Generalized erythema and scaling


CORRECT DIAGNOSIS:

Acute Generalized Exanthematous Pustulosis

DISCUSSION:

Acute generalized exanthematous pustulosis (AGEP) is an uncommon acute, febrile drug eruption. It is characterized by numerous small, non-follicular sterile pustules that arise on a background of edematous erythema. The lesions generally begin on the face or major intertriginous zones and quickly disseminate over a few hours. Associated symptoms may include burning, pruritus or both, and edema of the face and hands. Purpura and bullae can be seen in 50% of cases. The eruption typically lasts 1 to 2 weeks and is followed by superficial desquamation that heals without scarring.

The majority of cases are drug-induced, with a small percentage due to viral infections or exposure to mercury. The most frequently implicated drugs include beta-lactam antibiotics and macrolides, followed by calcium channel blocks (specifically diltiazem) and antimalarials. AGEP has also been reported in association with other antimicrobials, including tetracyclines, metronidazole, terbinafine, isoniazid, and vancomycin. AGEP associated with ciprofloxacin has only been reported in two prior cases in the literature. A short interval (< 4 days) between drug administration and the onset of the eruption is characteristic of AGEP and is thought to be due to a prior sensitization to the drug that indicates an immunologic recall phenomenon. Patch testing with the incriminated drug is positive in 80% of cases.

While the pathogenesis has not been completely elucidated, drug-specific T-lymphocytes have been found to produce high amounts of neutrophil-attracting chemokines including IL-8. Blood neutrophilia may also be present in patients with AGEP. On histopathologic examination, subcorneal spongiform pustules will be seen, along with edema of the papillary dermis and a mixed infiltrate including neutrophils and eosinophils. Clinically, AGEP can be confused with acute pustular psoriasis, which can be compounded by the fact that AGEP occurs more frequently in patients, like ours, with a history of psoriasis.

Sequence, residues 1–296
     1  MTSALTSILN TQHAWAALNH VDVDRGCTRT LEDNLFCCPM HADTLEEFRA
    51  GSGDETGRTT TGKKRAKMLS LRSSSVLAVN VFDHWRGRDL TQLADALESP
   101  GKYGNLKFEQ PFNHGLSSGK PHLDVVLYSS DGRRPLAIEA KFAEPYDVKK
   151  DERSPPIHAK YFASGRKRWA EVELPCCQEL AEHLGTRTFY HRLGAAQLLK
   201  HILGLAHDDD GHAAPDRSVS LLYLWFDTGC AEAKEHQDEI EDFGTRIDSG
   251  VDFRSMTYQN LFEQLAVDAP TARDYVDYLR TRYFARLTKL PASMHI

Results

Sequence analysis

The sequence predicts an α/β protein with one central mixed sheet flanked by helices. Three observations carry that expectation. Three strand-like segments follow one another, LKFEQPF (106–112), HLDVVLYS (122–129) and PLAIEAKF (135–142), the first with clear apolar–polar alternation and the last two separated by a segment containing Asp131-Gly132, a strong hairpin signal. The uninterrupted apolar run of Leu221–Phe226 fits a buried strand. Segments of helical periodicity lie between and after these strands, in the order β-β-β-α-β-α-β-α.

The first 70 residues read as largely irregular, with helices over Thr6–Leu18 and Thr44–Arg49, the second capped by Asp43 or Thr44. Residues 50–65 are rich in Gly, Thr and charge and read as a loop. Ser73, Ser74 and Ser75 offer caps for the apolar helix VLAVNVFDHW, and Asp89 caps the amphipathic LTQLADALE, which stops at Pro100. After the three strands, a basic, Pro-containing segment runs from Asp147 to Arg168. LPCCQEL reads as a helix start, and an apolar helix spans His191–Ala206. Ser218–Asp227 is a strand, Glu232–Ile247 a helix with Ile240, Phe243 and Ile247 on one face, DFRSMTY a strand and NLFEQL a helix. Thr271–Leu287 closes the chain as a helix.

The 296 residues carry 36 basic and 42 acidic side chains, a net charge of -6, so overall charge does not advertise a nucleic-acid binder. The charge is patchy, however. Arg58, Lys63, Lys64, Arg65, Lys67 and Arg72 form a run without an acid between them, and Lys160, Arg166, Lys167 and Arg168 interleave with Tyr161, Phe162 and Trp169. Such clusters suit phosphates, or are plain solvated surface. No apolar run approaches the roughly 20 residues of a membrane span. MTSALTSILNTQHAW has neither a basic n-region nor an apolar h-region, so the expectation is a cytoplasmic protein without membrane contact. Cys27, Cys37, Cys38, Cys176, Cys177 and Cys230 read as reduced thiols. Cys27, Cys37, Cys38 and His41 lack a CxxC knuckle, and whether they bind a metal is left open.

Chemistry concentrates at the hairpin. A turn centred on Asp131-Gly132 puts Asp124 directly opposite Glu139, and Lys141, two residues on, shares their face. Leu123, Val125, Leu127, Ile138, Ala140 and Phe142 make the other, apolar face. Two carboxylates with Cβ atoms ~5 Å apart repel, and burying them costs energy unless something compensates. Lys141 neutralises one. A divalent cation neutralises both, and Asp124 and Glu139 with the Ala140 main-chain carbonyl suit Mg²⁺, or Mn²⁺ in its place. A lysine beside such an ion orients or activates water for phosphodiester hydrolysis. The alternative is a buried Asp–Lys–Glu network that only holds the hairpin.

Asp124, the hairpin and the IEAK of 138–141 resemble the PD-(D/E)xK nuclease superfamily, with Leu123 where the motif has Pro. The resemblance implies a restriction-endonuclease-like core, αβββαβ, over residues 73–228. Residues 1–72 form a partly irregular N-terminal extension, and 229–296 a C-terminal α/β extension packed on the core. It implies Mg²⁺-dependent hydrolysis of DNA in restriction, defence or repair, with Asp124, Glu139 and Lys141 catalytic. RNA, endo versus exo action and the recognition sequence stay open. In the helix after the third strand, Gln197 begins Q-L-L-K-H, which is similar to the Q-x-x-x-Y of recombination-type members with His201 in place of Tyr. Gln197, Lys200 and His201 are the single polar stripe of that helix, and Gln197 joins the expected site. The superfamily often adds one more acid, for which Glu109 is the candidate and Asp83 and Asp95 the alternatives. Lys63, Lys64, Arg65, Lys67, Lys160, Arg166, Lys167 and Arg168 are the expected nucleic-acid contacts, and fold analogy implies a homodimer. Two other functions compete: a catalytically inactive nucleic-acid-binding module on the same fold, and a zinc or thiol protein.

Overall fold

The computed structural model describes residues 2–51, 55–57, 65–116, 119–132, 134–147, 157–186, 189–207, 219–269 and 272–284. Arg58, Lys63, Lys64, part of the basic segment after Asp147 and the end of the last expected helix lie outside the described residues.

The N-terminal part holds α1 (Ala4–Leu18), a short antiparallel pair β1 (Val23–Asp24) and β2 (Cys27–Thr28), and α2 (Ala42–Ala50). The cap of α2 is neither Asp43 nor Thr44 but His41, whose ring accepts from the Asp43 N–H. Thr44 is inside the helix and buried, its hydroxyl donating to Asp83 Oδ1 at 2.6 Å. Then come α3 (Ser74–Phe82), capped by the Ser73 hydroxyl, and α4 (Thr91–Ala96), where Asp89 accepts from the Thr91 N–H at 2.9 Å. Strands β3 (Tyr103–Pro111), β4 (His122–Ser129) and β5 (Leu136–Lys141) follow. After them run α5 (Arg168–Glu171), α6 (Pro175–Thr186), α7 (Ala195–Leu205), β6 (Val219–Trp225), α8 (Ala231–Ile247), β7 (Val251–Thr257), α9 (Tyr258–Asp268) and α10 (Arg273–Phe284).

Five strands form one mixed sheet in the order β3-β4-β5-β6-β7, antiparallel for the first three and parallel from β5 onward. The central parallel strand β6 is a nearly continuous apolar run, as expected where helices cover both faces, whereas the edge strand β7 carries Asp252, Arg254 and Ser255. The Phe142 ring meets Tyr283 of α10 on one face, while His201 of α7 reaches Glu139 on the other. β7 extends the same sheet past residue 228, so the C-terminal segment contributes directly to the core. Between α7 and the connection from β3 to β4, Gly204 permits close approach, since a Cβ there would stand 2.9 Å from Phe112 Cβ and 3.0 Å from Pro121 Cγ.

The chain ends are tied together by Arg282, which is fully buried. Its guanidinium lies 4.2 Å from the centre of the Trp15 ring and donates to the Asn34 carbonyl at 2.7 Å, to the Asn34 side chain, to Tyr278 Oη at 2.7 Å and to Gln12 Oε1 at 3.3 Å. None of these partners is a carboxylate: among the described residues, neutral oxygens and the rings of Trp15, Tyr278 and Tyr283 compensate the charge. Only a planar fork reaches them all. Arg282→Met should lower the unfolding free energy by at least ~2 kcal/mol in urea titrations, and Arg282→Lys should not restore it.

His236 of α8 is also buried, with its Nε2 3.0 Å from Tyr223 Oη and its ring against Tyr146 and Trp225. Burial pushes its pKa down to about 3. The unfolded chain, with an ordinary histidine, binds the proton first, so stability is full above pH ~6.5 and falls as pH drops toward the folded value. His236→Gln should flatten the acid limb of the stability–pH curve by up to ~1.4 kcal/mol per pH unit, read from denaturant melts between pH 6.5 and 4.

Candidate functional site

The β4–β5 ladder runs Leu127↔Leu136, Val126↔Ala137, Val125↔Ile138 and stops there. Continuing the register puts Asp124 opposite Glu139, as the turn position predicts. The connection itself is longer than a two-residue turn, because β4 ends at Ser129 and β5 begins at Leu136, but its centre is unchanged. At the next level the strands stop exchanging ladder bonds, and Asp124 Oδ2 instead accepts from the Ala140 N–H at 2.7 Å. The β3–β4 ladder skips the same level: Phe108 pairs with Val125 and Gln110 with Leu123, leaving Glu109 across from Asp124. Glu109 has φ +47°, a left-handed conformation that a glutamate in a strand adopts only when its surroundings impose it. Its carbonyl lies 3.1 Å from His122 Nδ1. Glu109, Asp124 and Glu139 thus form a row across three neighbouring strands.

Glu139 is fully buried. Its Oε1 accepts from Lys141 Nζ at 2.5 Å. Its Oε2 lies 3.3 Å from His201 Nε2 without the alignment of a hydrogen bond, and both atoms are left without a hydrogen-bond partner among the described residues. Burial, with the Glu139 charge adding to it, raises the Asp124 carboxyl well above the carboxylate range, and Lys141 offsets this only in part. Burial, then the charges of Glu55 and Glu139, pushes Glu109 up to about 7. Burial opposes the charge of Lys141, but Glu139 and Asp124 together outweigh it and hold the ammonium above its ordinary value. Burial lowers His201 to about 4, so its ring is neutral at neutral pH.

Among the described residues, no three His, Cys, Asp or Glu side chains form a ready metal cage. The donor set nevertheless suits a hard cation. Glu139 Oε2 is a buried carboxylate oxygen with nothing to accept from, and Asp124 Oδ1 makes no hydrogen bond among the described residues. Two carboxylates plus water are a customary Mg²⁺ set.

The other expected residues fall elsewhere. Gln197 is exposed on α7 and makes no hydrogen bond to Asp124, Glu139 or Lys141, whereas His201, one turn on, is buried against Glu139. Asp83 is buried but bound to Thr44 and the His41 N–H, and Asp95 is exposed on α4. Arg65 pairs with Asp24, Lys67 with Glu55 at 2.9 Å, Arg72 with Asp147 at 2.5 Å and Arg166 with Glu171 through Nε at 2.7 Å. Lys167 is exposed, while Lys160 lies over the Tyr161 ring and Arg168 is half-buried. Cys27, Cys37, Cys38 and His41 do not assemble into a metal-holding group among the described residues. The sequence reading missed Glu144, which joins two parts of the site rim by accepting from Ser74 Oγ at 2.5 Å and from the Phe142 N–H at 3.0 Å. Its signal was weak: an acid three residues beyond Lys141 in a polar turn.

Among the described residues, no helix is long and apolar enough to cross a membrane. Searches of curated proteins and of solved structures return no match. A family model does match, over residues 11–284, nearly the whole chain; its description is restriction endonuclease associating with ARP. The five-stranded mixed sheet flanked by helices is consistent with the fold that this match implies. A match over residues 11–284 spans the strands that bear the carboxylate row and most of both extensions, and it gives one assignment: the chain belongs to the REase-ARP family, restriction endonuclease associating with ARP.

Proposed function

TREATMENT:

The mainstay of treatment for AGEP is withdrawal of the responsible drug. A drug chart can be utilized to identify the most likely incriminating drug. Topical steroids and antipyretics can be used for symptomatic relief. Upon review of EMR records, our patient had a previous history of AGEP just 3 months prior, which was incorrectly attributed to vancomycin. Closer review of the medications started during that admission, in conjunction with the present history, concluded that ciprofloxacin was in fact the culprit drug. Ciprofloxacin was discontinued and she was treated topically with bland emollients. Complete resolution and reepithelialization was achieved within 1-2 weeks.

REFERENCES:

Bolognia JL, Jorizzo JL, Schaffer JV. Dermatology, 3rd Ed. Spain: Elsevier, 2012: 752-754.

Speeckaert MM, Speeckaert R, Lambert J, Brochez L. Acute generalized exanthematous pustulosis: an overview of the clinical, immunological and diagnostic concepts. Eur. J. Dermatol. 2010;20(4):425–433.

Roujeau JC, Bioulac-Sage P, Bourseau C. Acute generalized exanthematous pustulosis. Analysis of 63 cases. Arch. Dermatol. 1991;127(9):1333–1338.

Hausermann P1, Scherer K, Weber M, Bircher AJ. Ciprofloxacin-induced acute generalized exanthematous pustulosis mimicking bullous drug eruption confirmed by a positive patch test. Dermatology. 2005;211(3):277-80.

 

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